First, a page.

Oil was bought during the downturns on Thursday and Friday, with most buying activity during the US trading session. On Thursday and Friday, buying in US trading took the price out of the initial drawdown, closing the day near intraday highs.
Interestingly, this did not trigger stop orders during Asian trading, indicating an impressive supply in Asia and Europe.
There is news that Saudi Arabia has raised selling prices for Asia next month. Typically, this news causes a steady rise in quotations, but this time the opening spurt failed to hold, and at the time of writing, WTI and Brent are losing around 1.6% since the start of the day.
Weekly inventory and production data indicate that the US is in no hurry to ramp up production. Friday’s data from Baker Hughes noted the number of drilling rigs operating at 574, the same as a week earlier and two lower than three weeks ago: an apparent stagnation, contrary to high prices, the looming road trip season and high prices.
Even earlier last week, the official EIA report noted the third week of declining commercial inventories with the continued sell-off in oil reserves, which are already at their lowest level since 1987. The USA is not yet in a hurry to increase production, which further fuels the local price increase.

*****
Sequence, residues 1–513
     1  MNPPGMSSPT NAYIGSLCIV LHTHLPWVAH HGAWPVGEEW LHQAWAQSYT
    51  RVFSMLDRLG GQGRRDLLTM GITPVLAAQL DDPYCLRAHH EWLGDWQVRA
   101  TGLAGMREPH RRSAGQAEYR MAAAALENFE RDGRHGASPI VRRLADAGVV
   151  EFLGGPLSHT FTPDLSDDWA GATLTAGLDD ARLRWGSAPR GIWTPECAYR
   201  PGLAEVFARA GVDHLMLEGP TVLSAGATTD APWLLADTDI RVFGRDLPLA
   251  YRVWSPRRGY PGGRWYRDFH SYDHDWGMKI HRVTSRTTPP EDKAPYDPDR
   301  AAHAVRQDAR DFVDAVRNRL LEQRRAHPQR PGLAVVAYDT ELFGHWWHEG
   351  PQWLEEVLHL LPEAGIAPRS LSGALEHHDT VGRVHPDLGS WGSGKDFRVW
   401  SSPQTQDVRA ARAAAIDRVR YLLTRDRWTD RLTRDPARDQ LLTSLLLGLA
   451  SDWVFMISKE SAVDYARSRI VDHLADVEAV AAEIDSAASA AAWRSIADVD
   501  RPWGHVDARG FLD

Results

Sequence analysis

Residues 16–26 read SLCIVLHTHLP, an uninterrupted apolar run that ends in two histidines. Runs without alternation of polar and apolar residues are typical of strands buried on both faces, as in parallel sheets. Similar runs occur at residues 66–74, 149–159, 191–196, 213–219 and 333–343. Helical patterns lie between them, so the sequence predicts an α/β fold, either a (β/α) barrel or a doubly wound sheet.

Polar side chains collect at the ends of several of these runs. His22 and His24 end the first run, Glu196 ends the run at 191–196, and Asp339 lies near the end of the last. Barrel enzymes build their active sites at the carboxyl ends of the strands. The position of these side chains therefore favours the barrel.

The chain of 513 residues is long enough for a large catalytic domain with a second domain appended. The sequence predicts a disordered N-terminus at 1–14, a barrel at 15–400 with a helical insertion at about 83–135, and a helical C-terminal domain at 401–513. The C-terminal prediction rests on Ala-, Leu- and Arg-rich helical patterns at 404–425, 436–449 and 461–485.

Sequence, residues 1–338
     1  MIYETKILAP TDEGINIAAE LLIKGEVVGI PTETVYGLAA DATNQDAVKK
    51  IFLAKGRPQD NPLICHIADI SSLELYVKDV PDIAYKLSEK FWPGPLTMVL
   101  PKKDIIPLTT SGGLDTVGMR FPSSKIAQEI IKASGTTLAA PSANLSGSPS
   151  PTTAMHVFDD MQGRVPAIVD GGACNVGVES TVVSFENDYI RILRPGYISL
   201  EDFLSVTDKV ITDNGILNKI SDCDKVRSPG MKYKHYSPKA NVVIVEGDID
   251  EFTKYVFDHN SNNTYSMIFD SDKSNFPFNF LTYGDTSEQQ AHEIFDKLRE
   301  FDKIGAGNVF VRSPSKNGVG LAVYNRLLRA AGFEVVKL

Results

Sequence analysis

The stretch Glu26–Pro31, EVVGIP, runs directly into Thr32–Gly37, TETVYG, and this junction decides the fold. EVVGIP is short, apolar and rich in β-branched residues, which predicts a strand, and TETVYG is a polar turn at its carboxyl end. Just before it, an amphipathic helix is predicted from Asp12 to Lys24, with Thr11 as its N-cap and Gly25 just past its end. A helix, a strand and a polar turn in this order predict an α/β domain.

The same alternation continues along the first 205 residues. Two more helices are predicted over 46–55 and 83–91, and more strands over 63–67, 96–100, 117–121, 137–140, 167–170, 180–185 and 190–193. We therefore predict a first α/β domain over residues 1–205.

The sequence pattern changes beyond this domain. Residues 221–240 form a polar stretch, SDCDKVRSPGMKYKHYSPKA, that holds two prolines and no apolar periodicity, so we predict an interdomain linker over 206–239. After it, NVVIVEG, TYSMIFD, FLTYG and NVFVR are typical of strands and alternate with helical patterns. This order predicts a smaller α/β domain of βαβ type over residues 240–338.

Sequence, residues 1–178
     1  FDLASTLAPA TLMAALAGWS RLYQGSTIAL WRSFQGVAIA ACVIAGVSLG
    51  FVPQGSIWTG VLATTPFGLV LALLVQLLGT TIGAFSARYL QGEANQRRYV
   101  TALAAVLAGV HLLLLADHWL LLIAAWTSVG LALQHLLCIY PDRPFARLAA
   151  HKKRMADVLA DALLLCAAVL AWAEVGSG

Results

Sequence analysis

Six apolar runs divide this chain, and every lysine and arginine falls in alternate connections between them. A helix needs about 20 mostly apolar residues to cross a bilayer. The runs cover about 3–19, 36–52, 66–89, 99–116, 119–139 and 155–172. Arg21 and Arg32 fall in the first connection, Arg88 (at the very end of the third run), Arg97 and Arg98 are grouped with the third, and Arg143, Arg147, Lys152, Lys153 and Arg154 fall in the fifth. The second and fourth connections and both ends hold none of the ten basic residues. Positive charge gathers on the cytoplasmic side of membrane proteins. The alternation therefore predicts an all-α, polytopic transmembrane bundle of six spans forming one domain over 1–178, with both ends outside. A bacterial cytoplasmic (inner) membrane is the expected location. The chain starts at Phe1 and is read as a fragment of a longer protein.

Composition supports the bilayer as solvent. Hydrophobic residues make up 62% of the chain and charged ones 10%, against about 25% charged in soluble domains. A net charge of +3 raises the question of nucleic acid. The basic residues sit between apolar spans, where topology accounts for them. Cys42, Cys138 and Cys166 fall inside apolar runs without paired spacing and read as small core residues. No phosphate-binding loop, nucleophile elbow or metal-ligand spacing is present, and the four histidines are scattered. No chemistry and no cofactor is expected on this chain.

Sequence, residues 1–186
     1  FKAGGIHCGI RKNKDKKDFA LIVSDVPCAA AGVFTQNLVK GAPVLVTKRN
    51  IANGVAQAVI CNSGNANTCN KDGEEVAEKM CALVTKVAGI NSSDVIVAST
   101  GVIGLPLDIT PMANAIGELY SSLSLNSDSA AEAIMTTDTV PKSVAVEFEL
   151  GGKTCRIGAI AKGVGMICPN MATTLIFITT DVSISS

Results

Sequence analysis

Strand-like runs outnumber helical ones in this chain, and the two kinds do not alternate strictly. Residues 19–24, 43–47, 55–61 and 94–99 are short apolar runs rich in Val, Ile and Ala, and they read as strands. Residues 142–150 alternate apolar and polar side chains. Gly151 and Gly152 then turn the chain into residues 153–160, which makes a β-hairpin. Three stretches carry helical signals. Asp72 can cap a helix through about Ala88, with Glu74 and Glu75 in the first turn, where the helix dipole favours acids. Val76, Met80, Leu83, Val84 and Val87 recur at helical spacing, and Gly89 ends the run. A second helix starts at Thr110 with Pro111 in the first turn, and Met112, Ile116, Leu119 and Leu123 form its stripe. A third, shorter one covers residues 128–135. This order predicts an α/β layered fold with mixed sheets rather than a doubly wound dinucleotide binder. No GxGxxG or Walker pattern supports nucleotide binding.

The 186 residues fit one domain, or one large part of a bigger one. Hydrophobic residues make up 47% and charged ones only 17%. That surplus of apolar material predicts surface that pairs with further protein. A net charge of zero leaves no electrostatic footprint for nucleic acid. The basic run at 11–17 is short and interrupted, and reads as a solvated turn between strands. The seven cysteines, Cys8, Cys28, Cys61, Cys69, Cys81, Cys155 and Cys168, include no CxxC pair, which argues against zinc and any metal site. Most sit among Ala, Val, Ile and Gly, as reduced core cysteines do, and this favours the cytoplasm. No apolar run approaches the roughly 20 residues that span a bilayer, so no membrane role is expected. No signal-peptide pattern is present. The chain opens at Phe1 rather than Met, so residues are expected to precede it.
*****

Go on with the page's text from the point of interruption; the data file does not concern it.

Today Biden is expected to unveil a new support package for alternative energy. The continued focus on clean energy in the world’s largest economy will deter oil producers from investing heavily in conventional production.
The higher rate of OPEC+ quota increases suggests that the cartel considers current levels attractive for raising its share. In this environment, it will not be surprising if we see more inclination to increase production from conventional oil producers in the coming weeks.